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J Am Med Inform Assoc 11:141-150 doi:10.1197/jamia.M1356
  • The Practice of Informatics
  • Review Paper

Implementing Syndromic Surveillance: A Practical Guide Informed by the Early Experience

  1. Kenneth D Mandl,
  2. J Marc Overhage,
  3. Michael M Wagner,
  4. William B Lober,
  5. Paola Sebastiani,
  6. Farzad Mostashari,
  7. Julie A Pavlin,
  8. Per H Gesteland,
  9. Tracee Treadwell,
  10. Eileen Koski,
  11. Lori Hutwagner,
  12. David L Buckeridge,
  13. Raymond D Aller,
  14. Shaun Grannis
  1. Affiliations of the authors: Children's Hospital Informatics Program, Division of Emergency Medicine, Center for Biopreparedness at Children's Hospital Boston, Children's Hospital Boston, Harvard Medical School, Boston, MA (KDM); Indiana University School of Medicine, Regenstrief Institute, Indianapolis, IN (JMO, SG); The Real-time Outbreak and Disease Laboratory, Center for Biomedical Informatics, University of Pittsburgh, Pittsburgh, PA (MMW); Department of Medical Education and Biomedical Informatics, School of Medicine, University of Washington, Seattle, WA (WBL); Department of Mathematics and Statistics, University of Massachusetts, Amherst, MA (PS); Division of Epidemiology, New York City Department of Public Health, New York, NY (FM); Walter Reed Army Institute of Research, Silver Spring, MD (JAP); University of Utah and Intermountain Health Care, Salt Lake City, UT (PHG); Bioterrorism Preparedness and Response Program, National Center for Infectious Diseases, Centers for Disease Control and Prevention, Atlanta, GA (TT, LH); Quest Diagnostics Incorporated, Teterboro, NJ (EK); Palo Alto Veterans Health Care System, Palo Alto, CA, and Stanford Medical Informatics, Stanford University, Stanford, CA (DLB); Acute Communicable Diseases Unit, Los Angeles County Public Health, Los Angeles, CA (RDA)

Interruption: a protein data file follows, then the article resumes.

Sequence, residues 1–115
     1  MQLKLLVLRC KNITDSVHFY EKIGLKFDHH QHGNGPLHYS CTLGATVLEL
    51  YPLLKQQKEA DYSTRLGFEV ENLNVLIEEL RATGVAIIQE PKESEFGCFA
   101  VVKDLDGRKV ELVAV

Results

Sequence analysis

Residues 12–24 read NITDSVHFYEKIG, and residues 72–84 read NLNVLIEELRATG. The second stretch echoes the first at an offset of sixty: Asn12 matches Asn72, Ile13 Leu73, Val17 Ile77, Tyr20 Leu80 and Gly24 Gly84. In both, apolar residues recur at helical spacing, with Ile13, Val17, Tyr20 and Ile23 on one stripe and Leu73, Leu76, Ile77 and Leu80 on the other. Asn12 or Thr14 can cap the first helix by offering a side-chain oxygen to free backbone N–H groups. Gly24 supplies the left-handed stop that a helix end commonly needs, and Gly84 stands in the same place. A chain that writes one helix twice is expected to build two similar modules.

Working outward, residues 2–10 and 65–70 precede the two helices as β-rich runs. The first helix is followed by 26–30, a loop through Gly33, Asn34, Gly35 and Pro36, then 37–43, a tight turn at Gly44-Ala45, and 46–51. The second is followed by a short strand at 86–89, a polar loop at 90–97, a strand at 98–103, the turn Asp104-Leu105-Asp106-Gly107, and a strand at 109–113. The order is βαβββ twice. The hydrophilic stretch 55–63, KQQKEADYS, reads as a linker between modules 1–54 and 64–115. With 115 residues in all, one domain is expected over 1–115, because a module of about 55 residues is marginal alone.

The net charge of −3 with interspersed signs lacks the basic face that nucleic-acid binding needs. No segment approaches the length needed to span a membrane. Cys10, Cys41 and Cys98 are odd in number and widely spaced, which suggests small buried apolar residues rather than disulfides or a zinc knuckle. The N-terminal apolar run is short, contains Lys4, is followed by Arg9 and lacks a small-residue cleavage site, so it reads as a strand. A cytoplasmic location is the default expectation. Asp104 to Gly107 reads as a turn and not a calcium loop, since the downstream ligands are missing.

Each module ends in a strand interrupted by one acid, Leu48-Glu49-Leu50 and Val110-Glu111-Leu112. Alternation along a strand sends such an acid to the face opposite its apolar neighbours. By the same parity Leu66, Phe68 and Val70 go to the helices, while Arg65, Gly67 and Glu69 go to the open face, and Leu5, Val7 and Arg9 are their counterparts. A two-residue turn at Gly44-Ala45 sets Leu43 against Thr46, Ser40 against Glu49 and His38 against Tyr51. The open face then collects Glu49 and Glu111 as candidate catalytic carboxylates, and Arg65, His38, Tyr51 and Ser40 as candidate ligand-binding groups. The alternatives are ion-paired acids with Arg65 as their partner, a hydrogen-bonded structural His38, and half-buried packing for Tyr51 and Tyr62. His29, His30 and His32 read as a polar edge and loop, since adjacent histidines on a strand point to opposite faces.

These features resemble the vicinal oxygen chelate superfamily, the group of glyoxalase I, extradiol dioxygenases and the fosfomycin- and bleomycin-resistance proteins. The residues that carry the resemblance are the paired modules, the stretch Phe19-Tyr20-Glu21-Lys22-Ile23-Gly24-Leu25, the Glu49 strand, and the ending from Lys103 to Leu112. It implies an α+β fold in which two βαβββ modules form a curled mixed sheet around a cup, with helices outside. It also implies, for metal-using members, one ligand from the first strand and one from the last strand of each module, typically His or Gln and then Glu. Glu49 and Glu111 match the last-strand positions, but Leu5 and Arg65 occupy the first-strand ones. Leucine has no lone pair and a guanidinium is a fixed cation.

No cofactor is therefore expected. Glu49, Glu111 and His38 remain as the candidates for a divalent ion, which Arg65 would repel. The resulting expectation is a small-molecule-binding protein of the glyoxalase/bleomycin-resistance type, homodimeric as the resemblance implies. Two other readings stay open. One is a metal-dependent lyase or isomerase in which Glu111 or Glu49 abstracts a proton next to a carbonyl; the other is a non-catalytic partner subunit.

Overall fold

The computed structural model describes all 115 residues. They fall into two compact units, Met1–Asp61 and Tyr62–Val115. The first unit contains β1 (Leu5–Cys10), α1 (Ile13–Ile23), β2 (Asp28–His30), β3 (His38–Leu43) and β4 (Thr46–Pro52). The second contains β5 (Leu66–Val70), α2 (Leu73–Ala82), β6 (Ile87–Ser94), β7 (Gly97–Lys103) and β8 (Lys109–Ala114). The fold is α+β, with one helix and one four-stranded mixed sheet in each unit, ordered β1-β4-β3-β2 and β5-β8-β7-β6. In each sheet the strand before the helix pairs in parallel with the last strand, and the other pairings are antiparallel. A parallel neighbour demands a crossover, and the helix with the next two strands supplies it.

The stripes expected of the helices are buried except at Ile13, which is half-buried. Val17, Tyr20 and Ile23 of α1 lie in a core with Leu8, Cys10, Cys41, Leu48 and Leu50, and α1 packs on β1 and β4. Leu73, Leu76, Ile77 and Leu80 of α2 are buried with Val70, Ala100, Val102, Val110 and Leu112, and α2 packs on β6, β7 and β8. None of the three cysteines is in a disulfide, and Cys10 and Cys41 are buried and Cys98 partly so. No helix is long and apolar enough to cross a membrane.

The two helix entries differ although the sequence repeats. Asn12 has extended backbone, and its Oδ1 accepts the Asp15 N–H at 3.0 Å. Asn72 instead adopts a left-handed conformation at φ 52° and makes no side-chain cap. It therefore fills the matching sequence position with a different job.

1. Correspondence and reprints: Kenneth D. Mandl, MD, MPH, Division of Emergency Medicine, Children's Hospital Boston, 300 Longwood Avenue, Boston, MA 02115; e-mail: kenneth_mandl{at}harvard.edu.
  • Received 5 March 2003
  • Accepted 28 September 2003

Abstract

Syndromic surveillance refers to methods relying on detection of individual and population health indicators that are discernible before confirmed diagnoses are made. In particular, prior to the laboratory confirmation of an infectious disease, ill persons may exhibit behavioral patterns, symptoms, signs, or laboratory findings that can be tracked through a variety of data sources. Syndromic surveillance systems are being developed locally, regionally, and nationally. The efforts have been largely directed at facilitating the early detection of a covert bioterrorist attack, but the technology may also be useful for general public health, clinical medicine, quality improvement, patient safety, and research. This report, authored by developers and methodologists involved in the design and deployment of the first wave of syndromic surveillance systems, is intended to serve as a guide for informaticians, public health managers, and practitioners who are currently planning deployment of such systems in their regions.

Footnotes

  • Work on the manuscript was supported in part by funding from the National Library of Medicine (grants R01LM07677-01, 2 T15 LM07117-06, GO8 LM06625-01, and T15 LM/DE07059; contract N01-LM-9-3536; and training grants 2 T15 LM07117-06, 01-T15/LM-7124), the Agency for Healthcare Research and Quality (contracts 290-00-0020 and 290-00-0009), the Defense Advanced Projects Research Agency (contract F30602-01-2-0550), the Centers for Disease Control and Prevention (cooperative agreement number U90/CCU318753-01), the Alfred P. Sloan Foundation (Grant 2002-12-1), and the Canadian Institutes of Health Research. The authors gratefully acknowledge the contributions of Drs. Daniel Pollock, John Loonsk, and Michael D. Jones from the Centers for Disease Control and Prevention and Michael K. Martin from the Connecticut Hospital Association. The authors would like to thank Dasha Cohen of the American Medical Informatics Association for facilitating the meeting of the authors.

    The views and conclusions contained in this document are those of the authors and should not be interpreted as necessarily representing the official policies, either expressed or implied, of the United States government or the agencies listed above.

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